The L is a Lua State and you can read about it in the Extending your Application, Calling C from Lua, and Manual.

The connection between the Lua and the C function is nicely visible in the easygpio_read function - there, we take get values one by one (Lua State is a stack) and transform them to the appropriate type before calling the C method. And when we got results, we'll put it back into the stack (Lua State).

Debug and error messages

Use the following template in your header or source file to declare debug and error macros (example from [httpclient.h] (https://github.com/nodemcu/nodemcu-firmware/blob/master/app/http/httpclient.h#L15-L32)):

#if defined(DEVELOP_VERSION)
  #define HTTPCLIENT_DEBUG_ON
#endif
#if defined(HTTPCLIENT_DEBUG_ON)
  #define HTTPCLIENT_DEBUG(format, ...) dbg_printf("%s"format"\n", log_prefix, ##__VA_ARGS__)
#else
  #define HTTPCLIENT_DEBUG(...)
#endif
#if defined(NODE_ERROR)
  #define HTTPCLIENT_ERR(format, ...) NODE_ERR("%s"format"\n", log_prefix, ##__VA_ARGS__)
#else
  #define HTTPCLIENT_ERR(...)
#endif

Note that DEVELOP_VERSION and NODE_ERROR are two global flags from user_config.h.

Of course you can use the your-module_DEBUG_ON flag for other stuff as well as seen in e.g. http.c.

Integrate the C Module into NodeMCU

When compiled, our module will be part of the libmodules.a. But that does not mean it will be automatically included in the generated firmware. That depends on the app/include/user_modules.h header. The following declaration will accomplish that:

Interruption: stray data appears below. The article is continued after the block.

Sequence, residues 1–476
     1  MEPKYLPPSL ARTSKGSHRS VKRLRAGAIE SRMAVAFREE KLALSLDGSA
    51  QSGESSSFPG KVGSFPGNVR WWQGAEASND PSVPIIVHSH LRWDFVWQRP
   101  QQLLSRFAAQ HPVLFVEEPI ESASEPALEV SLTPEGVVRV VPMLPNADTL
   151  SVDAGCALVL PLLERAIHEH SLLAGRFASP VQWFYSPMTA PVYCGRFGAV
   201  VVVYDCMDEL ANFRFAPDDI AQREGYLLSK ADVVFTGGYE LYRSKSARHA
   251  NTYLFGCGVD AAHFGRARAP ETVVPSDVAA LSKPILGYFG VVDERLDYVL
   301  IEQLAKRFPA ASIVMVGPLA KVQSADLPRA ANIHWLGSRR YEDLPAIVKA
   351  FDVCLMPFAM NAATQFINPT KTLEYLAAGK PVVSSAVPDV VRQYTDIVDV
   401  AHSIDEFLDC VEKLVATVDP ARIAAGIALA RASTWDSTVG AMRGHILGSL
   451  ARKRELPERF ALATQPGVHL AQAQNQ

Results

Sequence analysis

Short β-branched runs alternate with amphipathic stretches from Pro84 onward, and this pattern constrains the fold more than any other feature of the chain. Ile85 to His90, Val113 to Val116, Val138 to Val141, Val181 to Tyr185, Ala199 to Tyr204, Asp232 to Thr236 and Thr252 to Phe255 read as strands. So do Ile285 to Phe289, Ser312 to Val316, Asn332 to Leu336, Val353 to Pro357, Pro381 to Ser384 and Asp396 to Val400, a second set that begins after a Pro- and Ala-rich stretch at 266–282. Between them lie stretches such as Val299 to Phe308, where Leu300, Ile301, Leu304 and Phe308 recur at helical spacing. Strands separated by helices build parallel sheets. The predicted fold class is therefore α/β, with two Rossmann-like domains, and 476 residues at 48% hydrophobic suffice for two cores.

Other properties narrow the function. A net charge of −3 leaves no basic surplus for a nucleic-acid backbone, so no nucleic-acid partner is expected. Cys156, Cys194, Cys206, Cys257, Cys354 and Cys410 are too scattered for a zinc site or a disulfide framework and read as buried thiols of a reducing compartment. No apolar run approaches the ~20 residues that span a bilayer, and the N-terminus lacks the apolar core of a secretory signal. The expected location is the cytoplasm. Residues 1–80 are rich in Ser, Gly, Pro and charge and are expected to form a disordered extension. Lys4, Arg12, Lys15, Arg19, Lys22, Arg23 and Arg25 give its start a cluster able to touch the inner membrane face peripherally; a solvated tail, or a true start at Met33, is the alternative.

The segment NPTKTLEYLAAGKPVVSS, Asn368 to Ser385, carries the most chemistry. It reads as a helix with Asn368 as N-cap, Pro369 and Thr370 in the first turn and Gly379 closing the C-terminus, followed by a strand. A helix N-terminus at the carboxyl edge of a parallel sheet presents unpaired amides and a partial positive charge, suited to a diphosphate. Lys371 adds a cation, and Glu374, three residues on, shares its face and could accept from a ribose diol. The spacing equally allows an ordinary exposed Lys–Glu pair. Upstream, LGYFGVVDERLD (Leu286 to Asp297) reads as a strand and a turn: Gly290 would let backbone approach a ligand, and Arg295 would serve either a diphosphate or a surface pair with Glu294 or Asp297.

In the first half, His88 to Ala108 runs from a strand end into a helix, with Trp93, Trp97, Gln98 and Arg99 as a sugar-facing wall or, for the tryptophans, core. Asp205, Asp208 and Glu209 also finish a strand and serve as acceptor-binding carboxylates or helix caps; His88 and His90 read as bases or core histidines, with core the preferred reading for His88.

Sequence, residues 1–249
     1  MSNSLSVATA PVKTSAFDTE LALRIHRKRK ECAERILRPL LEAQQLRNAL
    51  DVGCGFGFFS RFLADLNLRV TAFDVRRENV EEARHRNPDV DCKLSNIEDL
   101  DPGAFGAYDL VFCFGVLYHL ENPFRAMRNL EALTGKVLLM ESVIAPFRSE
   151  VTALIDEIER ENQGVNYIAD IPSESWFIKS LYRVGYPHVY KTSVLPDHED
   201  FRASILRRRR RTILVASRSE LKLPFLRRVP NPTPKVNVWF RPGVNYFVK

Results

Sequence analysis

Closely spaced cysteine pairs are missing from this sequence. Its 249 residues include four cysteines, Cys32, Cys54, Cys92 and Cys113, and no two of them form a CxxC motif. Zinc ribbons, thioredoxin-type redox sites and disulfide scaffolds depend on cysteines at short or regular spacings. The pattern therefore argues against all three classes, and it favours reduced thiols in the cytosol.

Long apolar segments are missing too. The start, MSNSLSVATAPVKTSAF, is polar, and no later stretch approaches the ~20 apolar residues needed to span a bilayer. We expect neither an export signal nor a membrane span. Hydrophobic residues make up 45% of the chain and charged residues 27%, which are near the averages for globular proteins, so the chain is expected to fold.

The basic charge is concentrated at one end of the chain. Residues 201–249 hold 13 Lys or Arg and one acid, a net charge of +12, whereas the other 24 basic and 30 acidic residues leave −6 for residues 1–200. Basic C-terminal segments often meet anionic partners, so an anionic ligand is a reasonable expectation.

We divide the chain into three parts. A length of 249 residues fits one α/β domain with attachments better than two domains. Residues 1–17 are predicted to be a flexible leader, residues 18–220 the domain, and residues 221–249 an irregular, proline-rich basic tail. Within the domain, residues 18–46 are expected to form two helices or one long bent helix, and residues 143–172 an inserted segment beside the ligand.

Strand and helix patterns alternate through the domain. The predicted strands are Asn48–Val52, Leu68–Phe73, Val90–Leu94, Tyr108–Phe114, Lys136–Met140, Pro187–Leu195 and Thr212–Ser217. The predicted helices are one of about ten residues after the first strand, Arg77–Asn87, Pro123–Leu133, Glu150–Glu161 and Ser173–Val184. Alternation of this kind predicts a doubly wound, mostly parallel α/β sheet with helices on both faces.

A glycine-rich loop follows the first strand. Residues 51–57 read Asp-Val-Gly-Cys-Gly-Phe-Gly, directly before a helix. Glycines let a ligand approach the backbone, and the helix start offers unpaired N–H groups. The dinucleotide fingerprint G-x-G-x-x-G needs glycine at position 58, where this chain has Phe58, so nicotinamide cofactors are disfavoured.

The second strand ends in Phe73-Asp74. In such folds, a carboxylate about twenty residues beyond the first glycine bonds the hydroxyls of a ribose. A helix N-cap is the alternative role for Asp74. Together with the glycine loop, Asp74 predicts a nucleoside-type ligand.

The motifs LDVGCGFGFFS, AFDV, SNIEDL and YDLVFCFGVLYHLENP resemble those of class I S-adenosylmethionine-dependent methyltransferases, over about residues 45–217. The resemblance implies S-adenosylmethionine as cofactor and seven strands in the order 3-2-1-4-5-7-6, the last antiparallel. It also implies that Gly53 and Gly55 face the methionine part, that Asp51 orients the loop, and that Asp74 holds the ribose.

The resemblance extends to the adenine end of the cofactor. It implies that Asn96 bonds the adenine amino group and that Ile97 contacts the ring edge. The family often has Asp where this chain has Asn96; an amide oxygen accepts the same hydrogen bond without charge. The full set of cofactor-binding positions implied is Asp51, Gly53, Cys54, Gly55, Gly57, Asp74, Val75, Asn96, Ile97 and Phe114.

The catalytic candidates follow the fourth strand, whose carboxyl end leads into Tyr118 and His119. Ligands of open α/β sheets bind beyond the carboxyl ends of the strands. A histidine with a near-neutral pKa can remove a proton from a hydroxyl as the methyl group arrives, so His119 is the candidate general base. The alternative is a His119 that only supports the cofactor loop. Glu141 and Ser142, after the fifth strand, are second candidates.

#define LUA_USE_MODULES_EASYGPIO

Compilation

It is ready! We can now compile the code and if everything went well, flash the device. I'm showing here the Docker image method (you will have to update your own paths and parameters based on the version of ESP you have):

$ cd nodemcu-firmware
$ docker run --rm -ti -v `pwd`:/opt/nodemcu-firmware marcelstoer/nodemcu-build
$ sudo esptool.py --port $usb_port write_flash 0x00000 ./bin/nodemcu_float_master_20160206-0220.bin

If this step fails, make sure you were able to flash the firmware without the new module you are developing. Read these flashing instructions for more help.

Debugging

You can add debugging to your module by using the NODE_DBG() macro - it works just like printf.

To enable debug logging you need to define DEVELOP_VERSION in the include/user_config.h file. Just uncomment the line that has that definition.